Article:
How to Normalize qPCR Data? [Webinar] - BioTechniques

Normalization of qPCR data

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Comparison of expression data requires normalization. The optimum normalization method depends on sample type, with the most common being to normalize to reference genes. It is critical to select appropriate reference genes and validate them. However, there are cases when one fails to identify suitable genes for normalization and must use alternatives, and there are cases when normalization of a target gene’s expression to another gene’s expression is most unsuitable. In this webinar, we will learn the goals of normalization, how to select the best normalization strategy and, when normalizing to reference genes, how to select the best reference genes and the optimum number.

In this webinar with Mikael Kubista, you will learn the optimal way to normalize gene expression data; how to identify the best reference genes; the optimum number of reference genes to use for normalization and alternatives to reference gene normalization.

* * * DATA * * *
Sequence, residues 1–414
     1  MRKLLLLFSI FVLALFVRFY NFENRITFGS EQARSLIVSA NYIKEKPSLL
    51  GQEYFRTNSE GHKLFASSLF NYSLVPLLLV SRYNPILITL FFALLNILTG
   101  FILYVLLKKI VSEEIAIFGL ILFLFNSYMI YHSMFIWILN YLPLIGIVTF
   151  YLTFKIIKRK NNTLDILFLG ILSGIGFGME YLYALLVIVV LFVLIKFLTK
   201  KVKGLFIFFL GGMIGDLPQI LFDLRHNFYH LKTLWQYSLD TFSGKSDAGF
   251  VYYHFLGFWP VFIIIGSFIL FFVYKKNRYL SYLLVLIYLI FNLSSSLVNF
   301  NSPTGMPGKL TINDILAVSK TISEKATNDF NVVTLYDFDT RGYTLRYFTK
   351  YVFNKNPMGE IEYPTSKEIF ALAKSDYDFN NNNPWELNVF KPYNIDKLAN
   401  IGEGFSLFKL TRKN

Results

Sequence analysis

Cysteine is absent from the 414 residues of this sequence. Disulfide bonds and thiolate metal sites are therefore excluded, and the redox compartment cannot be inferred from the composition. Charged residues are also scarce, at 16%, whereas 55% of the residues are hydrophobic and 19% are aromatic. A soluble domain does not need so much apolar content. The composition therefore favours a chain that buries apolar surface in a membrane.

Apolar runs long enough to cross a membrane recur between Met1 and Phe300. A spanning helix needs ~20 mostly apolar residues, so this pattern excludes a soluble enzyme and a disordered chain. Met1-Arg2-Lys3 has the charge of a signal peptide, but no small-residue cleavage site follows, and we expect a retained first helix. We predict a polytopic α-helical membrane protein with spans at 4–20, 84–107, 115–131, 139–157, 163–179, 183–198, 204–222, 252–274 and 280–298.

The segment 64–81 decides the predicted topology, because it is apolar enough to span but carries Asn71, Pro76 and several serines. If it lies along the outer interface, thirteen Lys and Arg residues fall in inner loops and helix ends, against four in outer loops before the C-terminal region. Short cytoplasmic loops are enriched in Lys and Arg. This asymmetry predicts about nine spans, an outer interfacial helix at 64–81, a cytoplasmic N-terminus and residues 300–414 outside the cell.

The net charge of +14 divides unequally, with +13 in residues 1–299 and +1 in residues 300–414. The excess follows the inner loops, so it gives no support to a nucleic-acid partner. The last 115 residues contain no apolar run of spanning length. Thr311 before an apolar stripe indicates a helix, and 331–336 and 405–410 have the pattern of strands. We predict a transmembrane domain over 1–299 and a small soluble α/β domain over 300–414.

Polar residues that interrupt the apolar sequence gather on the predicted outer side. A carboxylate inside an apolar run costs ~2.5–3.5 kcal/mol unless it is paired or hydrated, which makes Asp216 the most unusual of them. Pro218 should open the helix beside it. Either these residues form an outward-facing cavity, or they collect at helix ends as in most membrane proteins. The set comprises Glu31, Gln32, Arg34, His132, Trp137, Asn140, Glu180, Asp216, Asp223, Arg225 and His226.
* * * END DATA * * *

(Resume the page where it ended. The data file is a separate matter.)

What will you learn?

  • How to identify the best reference genes for normalization
  • How to select the optimum number of reference genes for normalization
  • How to validate reference gene normalization
  • When and how to perform global normalization
  • Alternatives to reference gene normalization and when it should be avoided!

Featured speaker:

Mikael Kubista

TATAA Biocenter

Professor Mikael Kubista is one of the pioneers in molecular diagnostics. He invented the light-up probes, which led to the foundation of LightUp Technologies AB as Europe´s first company focusing on qPCR based diagnostics. In 2001, Kubista set up the TATAA Biocenter as center of excellence in qPCR and gene expression analysis. TATAA biocenter was the first laboratory in Europe to obtain flexible ISO 17025 accreditation and was presented the Frost & Sullivan Award for Customer Value Leadership as Best-in-Class Services for Analyzing Genetic Material in 2013.

Most recently Kubista’s team invented Two-tailed PCR, which is currently the most sensitive and specific method for microRNA analysis. Since 2007, Kubista has headed the Department of Gene Expression at the institute of Biotechnology of the Czech Academy of Sciences.

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